Can you believe it has been 1 year (give or take a few days) since GST* finally hooked up with the Director Penalty Notice (DPN) Regime? It was a relationship we all saw coming for years, but as timing has it, it did not attract as much attention as it ought to have, thanks to a certain virus you may have heard of (I acknowledge that PAYG and SGC are also shacked up with DPN – but I don’t judge).
The one working hardest to push these lovebirds together, the Australian Taxation Office (ATO), has not had the opportunity to flout its success over the last year, in part as it was overwhelmed with Covid-related tasks but mostly because the timing would have been a major PR and economic misstep. However, as the economic impact of Covid passes for the majority and the ATO staff catch their breath, we know the ATO will start to refocus its agenda toward recovery, and this will include outstanding GST through the DPN regime.
We have circulated the technical details of the DPN regime previously, so here is a quick recap:
From 1 April 2020, GST joined the DPN regime. As such, company directors may now find themselves personally liable for GST, pay as you go withholding (PAYG) and superannuation guarantee charge (SGC) – or technically the ATO may impose a penalty on the director equal to those outstanding liabilities. This can happen in one of two ways:
For GST and PAYG, where the company lodges its business activity statements (BAS), reporting GST and/or PAYG liabilities, with the ATO on time, or within 3 months of the due date;
For SGC, where the company lodges an SGC Statement with the ATO by the deadline for the payment of super (note no additional 3-month window for SGC);
and the debts remain outstanding, the ATO will be required to issue a notice (the DPN) to the director showing the outstanding debt (only GST, PAYG and SGC) which they seek to enforce under the DPN regime. The DPN will provide three (3) options to the director to remit their personal liability if undertaken with 21 days of the DPN date. These are; pay the debt, appoint a voluntary administrator or appoint a liquidator. If none of these are done, the director will become personally liable upon the expiration of the notice.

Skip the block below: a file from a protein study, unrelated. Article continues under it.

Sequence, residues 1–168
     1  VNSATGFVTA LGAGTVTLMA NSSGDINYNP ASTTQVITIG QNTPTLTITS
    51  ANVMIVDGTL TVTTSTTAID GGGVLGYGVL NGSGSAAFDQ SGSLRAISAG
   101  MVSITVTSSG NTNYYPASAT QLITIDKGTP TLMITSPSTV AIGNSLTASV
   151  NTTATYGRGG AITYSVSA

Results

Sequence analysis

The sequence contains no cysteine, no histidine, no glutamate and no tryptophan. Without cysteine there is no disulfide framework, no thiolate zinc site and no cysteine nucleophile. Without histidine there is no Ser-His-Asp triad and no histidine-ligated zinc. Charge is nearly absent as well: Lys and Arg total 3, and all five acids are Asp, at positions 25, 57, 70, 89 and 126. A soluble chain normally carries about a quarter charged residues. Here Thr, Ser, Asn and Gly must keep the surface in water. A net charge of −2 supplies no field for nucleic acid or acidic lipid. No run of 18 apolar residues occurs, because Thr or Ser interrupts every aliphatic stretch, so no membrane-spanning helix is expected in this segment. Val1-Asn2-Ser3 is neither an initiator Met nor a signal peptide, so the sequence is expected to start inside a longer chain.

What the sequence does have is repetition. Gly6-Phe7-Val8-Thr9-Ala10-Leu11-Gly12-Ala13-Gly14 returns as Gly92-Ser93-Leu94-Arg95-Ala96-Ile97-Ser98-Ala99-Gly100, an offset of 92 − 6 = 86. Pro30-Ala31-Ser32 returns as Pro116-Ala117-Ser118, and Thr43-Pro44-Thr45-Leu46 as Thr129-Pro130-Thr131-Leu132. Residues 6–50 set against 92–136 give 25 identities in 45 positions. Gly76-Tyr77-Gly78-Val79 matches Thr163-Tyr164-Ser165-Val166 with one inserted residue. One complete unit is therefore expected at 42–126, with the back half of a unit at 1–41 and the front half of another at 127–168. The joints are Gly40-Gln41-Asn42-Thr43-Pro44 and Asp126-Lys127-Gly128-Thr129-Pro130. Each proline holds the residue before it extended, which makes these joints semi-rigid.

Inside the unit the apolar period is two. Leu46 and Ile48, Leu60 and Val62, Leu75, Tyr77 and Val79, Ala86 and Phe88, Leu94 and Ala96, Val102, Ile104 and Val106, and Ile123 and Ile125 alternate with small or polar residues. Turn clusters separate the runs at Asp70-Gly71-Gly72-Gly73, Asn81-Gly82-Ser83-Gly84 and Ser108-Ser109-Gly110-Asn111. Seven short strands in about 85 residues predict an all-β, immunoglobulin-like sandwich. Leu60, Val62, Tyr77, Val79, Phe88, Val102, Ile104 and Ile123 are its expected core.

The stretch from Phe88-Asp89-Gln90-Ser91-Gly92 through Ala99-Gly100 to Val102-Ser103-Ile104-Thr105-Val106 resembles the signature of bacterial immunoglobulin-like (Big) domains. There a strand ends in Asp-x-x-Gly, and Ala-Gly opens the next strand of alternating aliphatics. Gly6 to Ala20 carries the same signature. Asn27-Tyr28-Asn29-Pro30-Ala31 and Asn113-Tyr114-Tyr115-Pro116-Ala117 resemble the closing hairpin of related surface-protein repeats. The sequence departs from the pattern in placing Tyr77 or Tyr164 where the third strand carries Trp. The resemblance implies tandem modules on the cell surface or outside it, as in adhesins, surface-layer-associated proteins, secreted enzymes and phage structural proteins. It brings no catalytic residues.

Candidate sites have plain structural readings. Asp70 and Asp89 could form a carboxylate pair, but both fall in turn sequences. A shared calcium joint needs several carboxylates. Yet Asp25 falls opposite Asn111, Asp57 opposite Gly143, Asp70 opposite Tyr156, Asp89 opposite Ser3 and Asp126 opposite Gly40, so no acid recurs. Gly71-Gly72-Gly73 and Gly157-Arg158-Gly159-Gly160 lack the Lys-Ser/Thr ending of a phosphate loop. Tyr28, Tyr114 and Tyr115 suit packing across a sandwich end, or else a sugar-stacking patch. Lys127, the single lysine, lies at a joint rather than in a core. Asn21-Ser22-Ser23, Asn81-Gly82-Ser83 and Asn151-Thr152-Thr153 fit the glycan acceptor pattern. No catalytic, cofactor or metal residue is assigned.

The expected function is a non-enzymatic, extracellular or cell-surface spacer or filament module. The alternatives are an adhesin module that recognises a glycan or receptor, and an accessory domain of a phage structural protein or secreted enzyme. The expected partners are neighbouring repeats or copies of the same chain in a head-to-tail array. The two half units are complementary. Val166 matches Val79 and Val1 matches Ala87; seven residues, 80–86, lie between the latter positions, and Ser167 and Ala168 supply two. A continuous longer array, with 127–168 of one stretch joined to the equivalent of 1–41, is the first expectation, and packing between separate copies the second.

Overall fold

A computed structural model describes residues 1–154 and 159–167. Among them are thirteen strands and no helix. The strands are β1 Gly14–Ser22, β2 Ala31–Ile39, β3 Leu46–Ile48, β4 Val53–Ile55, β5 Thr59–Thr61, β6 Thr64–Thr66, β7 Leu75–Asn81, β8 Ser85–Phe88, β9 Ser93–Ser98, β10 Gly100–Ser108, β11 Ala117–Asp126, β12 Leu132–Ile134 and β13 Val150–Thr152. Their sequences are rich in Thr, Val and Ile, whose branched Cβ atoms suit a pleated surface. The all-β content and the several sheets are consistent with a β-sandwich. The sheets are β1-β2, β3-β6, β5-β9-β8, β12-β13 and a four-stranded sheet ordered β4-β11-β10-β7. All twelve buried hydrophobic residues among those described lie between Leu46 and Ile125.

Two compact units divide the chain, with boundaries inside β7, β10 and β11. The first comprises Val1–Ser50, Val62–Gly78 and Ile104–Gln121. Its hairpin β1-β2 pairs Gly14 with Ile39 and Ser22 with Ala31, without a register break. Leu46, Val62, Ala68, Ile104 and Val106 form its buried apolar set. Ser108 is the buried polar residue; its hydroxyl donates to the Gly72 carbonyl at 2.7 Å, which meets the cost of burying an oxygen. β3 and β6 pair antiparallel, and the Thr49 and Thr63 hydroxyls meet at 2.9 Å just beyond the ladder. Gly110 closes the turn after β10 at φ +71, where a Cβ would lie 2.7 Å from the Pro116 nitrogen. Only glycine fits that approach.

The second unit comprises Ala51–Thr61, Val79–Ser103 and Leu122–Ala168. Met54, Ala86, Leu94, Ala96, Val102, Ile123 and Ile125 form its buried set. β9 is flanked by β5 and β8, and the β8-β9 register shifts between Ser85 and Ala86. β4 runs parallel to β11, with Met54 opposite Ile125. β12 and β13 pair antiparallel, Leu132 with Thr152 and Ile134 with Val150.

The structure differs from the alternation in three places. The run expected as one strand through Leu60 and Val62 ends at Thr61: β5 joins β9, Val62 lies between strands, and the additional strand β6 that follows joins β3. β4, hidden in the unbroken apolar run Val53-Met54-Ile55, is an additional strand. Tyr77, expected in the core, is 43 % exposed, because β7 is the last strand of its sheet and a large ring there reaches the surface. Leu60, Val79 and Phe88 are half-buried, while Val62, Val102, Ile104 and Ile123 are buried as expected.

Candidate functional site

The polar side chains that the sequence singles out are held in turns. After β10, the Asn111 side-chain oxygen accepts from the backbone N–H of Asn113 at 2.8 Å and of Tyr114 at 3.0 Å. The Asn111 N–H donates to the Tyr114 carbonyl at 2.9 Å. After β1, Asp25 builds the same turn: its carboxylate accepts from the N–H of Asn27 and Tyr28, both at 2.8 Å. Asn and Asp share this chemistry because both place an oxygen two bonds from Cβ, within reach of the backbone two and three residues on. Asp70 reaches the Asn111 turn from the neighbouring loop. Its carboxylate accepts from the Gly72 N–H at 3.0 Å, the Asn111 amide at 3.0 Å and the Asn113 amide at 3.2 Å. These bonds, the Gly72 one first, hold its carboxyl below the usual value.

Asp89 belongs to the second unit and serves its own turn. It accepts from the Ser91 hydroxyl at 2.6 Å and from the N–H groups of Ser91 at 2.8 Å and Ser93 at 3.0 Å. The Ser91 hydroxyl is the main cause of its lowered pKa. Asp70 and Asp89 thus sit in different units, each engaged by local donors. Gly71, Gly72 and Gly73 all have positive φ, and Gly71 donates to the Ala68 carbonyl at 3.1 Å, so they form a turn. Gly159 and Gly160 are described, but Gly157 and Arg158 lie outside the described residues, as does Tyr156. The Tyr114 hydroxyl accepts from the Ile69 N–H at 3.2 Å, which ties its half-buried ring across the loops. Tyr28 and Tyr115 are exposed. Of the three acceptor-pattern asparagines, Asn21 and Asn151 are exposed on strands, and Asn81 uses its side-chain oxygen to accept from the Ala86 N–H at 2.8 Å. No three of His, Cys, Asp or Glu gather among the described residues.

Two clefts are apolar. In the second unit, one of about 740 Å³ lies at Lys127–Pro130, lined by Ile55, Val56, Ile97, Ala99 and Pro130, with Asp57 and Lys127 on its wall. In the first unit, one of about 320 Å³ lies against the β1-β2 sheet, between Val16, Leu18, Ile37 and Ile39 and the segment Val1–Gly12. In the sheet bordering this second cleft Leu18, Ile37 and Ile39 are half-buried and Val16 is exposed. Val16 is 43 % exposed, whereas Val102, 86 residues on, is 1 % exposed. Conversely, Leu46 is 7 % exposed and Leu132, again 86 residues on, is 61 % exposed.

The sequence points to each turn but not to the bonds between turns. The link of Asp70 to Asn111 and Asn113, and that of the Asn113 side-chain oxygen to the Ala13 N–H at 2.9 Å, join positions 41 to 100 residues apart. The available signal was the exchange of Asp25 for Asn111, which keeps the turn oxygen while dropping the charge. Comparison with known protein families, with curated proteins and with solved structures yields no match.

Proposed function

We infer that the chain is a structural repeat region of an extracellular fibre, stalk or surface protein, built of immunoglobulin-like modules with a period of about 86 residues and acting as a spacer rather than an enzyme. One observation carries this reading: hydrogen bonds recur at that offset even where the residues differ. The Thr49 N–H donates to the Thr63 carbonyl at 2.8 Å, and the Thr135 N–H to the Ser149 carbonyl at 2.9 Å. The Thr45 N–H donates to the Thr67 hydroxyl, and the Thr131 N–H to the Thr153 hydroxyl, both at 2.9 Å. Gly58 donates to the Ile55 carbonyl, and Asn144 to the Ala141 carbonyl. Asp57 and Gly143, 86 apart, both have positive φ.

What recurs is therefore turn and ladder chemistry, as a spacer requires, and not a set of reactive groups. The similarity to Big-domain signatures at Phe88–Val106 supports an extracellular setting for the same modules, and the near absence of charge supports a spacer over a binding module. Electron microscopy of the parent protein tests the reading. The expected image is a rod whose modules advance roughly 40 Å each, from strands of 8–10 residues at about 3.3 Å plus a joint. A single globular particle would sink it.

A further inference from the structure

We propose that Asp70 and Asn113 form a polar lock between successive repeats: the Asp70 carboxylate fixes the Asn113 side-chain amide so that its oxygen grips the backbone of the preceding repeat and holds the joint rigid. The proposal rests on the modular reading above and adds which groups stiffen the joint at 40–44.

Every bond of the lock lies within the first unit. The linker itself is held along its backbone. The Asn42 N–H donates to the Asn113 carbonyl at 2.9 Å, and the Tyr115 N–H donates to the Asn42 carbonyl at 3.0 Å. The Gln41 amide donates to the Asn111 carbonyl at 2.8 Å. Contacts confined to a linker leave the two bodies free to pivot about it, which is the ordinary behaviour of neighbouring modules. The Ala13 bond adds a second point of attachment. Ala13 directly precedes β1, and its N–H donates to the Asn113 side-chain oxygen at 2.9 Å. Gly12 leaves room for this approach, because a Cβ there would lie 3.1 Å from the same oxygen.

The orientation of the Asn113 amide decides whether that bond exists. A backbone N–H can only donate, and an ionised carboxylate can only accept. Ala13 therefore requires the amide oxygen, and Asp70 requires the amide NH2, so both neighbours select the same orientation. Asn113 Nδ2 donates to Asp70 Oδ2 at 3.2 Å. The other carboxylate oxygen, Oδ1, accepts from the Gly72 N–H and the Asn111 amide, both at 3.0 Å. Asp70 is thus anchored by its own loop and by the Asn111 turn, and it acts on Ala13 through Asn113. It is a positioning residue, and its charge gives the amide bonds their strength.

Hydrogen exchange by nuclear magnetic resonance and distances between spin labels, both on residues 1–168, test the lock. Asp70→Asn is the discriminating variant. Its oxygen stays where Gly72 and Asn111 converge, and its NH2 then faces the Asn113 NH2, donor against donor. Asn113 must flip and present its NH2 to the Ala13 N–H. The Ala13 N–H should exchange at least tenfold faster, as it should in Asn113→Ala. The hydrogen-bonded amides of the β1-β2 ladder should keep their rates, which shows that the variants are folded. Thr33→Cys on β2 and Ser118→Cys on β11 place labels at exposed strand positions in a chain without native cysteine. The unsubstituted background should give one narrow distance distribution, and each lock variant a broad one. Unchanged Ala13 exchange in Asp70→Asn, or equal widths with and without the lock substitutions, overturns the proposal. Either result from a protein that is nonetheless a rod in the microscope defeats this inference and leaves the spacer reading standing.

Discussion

It is important to note, if the company enters into a repayment arrangement with the ATO, whether inside the 21 days or not, the personal liability will continue to apply for the director so long as the DPN has been issued and expired.
For GST and PAYG, where the company fails to lodge its BAS, reporting GST and/or PAYG liabilities, with the ATO on time, or within 3 months of the due date;
For SGC, where the company fails to lodge an SGC Statement with the ATO by the deadline for the payment of super;
then the director will be automatically personally liable for those debts as soon as the relevant lodgement becomes outstanding per the above timeframes. When the ATO seeks to pursue the director in this instance, a DPN must be issued, as somewhat of a formality, however there are no options available for the director to avoid becoming personally liable.
It is important to note that any incoming company director will become personally liable for the company’s outstanding GST (relating to 1 April 2020 and beyond), PAYG or SGC that predates their appointment if they do not take steps to do one of the following within 30 days of their appointment:
- Pay the outstanding debts in full;
- Appoint a small business restructuring practitioner;
- Appoint a voluntary administrator; or
- Appoint a liquidator.
Resigning within 30 days of the appointment will not protect the individual from the personal liability. Accordingly, it is critical that the company’s lodgement history and outstanding GST, PAYG and SGC forms part of the due diligence review prior to installing a new director to a company.
It can be tempting to tune out to first-anniversary announcements, public declarations of love and the like, but this is one to ensure your clients take notice of!
SV Partners is well placed to advise your clients on their personal exposure under the director penalty notice regime. Seeking advice early can be instrumental in securing a superior outcome and accordingly our insolvency experts make themselves available for cost and obligation free meetings with clients at short notice at our many office locations.
*GST, Wine Equalization Tax (WET) and Luxury Car Tax (LCT) have all been included in the DPN regime from 1 April 2020, however for the sake of simplicity I have just referred to it as GST in this article.